And when you view the Behavior Flow for your knowledge base, you’ll be able to find similar inconsistencies between what you thought would happen and what actually happens.

Then, you can restructure your categories and article ordering/interlinking to better match how people use your knowledge base in real life.

To view the Behavior Flow report, go to Behavior → Behavior Flow in Google Analytics.

Figure Out Who’s Using Your Knowledge Base

If there’s one data point you need to know about your knowledge base, it’s this one:

Are most of your knowledge base readers paying customers or prospective customers browsing around?

You might think that only existing customers use your knowledge base, but I promise you that’s not the case. Especially if you’re properly optimizing your knowledge base for SEO.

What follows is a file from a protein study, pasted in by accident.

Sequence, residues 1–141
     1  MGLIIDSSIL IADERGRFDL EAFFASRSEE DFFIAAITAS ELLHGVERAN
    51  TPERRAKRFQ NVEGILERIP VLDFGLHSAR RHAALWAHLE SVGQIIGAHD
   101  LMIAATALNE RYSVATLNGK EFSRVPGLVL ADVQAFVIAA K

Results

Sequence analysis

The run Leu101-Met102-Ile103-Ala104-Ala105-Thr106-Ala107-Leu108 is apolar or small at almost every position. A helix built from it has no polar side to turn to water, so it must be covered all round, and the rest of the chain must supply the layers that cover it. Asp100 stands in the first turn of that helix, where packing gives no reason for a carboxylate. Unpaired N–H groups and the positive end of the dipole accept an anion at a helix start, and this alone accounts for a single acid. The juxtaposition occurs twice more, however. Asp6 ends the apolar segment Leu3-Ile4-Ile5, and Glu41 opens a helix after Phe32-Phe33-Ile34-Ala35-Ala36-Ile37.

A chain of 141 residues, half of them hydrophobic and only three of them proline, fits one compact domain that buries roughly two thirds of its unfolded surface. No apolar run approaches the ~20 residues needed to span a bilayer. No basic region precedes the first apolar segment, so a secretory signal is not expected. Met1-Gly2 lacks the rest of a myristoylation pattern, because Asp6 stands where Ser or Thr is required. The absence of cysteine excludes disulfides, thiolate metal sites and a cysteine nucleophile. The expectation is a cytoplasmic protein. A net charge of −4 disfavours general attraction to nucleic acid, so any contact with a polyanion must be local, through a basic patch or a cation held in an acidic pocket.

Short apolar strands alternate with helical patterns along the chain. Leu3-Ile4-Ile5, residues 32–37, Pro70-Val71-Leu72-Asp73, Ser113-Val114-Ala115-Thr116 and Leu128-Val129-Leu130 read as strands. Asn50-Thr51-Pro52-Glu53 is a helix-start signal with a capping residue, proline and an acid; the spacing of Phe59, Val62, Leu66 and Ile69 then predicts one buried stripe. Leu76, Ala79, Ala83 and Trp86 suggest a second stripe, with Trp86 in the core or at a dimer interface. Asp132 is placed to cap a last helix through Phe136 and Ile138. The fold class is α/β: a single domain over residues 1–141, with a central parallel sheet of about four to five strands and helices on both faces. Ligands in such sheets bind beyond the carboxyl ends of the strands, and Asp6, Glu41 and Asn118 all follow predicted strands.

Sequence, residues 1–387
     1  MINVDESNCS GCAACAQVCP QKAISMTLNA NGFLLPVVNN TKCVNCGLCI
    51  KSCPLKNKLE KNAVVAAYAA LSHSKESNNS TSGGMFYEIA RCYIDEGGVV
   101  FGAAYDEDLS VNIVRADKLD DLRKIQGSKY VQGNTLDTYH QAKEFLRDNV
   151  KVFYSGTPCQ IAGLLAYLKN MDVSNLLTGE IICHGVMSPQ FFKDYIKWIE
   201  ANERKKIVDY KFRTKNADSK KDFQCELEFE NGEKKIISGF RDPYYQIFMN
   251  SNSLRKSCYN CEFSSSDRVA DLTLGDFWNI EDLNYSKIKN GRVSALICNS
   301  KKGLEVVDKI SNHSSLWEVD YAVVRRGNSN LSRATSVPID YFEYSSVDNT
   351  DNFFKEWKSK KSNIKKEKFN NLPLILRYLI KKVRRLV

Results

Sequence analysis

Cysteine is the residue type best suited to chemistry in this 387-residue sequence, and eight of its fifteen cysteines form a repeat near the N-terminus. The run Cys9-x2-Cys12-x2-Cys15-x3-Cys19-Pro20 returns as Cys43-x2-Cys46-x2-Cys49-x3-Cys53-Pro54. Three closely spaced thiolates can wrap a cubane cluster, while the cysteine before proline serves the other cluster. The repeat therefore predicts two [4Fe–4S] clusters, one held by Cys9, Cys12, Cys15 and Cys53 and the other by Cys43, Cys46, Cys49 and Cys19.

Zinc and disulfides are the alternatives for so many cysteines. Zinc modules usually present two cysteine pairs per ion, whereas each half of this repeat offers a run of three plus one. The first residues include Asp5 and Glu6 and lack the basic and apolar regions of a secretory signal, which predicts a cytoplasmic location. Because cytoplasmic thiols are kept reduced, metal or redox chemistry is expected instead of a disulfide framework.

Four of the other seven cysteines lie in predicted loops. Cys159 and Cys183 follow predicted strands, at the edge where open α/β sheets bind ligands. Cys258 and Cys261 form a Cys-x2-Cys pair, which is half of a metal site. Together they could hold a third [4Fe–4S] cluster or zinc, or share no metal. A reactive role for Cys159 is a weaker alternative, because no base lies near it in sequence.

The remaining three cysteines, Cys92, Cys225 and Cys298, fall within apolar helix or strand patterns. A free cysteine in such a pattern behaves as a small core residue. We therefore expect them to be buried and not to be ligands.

The Google Analytics New vs Returning report will quickly tell you whether users are new to your site or have visited before:

While not 100% accurate in all situations, you can safely assume that:

  • Most New Visitors are not your customers (yet!)
  • Most Returning Visitors are your customers

If most of your visitors are existing customers, you can tailor your content towards topics only users need to learn about.

But if you have a high percentage of new visitors, you may want to include some articles covering relevant pre-sales topics.

To view the New vs Returning report, go to Audience → Behavior → New vs Returning in Google Analytics.

Learn Which Articles Push Readers Towards Live Support

You invested time and effort into creating a knowledge base so that you could take pressure off of your live support channels, right? So if certain articles aren’t accomplishing that goal, you need to be able to single out those articles for changes.

For example, if you find that your article on “Creating a new widget factory” leads to 50% more live support requests than other help articles, you should try to restructure the article to reduce the number of live support requests it generates. Makes sense, right?

But how can you find that data? Two ways: